Youths in China participate actively in online forums regarding the policies that the Hu administration implements, and are really more knowledgeable in current affairs than Americans and Singaporeans. Furthermore, since there has been much corruption and limited freedom, majority of Chinese have yet to enjoy the kind of life they desire, making it only logical to not be apathetic toward politics. Who would not be eager to see the eradication of the rich-poor gap and corruption altogether? Last but not least, let’s shift the perspective back to our little red dot.

Singaporean youths have spent most of their lives, if not entirely, in peace and prosperity. There is simply no calling from within youths to rise up to the occasion and take over the reins from our political leaders. Most youths do not even know who their ministers are, let alone have the passion to take stepping into the political arena as their lifelong goal. Frankly speaking, we are not too concerned over present and future political issues, nor are we very critical of the governmental system (set in place for as long as Singapore stood as an independent state, which explains our strong belief in the ruling party).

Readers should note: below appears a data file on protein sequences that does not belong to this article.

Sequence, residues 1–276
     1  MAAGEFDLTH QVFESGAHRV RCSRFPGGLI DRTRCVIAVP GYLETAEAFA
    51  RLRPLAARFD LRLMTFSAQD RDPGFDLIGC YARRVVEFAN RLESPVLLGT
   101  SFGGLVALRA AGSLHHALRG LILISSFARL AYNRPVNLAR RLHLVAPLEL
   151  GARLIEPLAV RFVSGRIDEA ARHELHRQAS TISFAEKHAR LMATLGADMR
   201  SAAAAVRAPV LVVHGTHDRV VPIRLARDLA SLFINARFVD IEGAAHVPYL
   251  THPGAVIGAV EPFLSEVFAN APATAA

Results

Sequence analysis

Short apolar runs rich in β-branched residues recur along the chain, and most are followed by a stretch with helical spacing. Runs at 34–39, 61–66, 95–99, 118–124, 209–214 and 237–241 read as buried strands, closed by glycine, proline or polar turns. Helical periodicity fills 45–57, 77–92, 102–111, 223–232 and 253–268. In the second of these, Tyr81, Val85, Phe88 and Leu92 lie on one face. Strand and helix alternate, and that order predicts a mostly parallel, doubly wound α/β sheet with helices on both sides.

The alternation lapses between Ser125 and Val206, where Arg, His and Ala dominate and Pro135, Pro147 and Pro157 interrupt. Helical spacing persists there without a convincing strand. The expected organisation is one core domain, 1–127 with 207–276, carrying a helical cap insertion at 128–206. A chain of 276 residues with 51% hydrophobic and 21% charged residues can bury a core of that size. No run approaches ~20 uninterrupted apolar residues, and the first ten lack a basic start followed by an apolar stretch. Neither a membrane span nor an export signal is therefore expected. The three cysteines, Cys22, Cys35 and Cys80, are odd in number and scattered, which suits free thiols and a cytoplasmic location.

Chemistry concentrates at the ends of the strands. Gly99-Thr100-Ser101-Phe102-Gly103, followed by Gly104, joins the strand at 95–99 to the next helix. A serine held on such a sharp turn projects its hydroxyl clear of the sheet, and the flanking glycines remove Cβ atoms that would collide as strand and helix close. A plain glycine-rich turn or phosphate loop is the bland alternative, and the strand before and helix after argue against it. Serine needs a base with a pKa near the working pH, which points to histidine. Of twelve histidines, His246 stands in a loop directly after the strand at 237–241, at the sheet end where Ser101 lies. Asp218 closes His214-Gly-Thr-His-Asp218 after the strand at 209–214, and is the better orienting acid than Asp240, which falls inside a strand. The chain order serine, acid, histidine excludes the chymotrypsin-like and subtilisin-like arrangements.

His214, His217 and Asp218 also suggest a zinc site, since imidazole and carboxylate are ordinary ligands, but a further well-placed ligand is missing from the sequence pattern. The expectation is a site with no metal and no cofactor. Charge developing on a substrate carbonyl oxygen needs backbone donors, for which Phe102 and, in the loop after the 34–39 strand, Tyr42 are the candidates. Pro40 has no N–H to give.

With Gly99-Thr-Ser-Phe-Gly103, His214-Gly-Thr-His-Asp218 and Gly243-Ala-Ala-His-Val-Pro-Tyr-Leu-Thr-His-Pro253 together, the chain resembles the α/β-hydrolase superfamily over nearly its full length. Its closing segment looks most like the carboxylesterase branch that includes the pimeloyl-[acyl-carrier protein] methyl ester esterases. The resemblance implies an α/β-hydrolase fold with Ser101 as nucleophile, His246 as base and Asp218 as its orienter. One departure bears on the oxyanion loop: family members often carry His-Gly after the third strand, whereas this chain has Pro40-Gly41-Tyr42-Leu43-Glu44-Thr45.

As long as our standard of life does not drop too much, we are pretty much contented. However, it is impossible that such political apathy would create suitable conditions for training future politicians. Thus, this political apathy among our youths is still something to fret over, and it is of paramount importance that we rack our brains over this and come up with a solution to save the day and our future. But that, will be another issue for another day.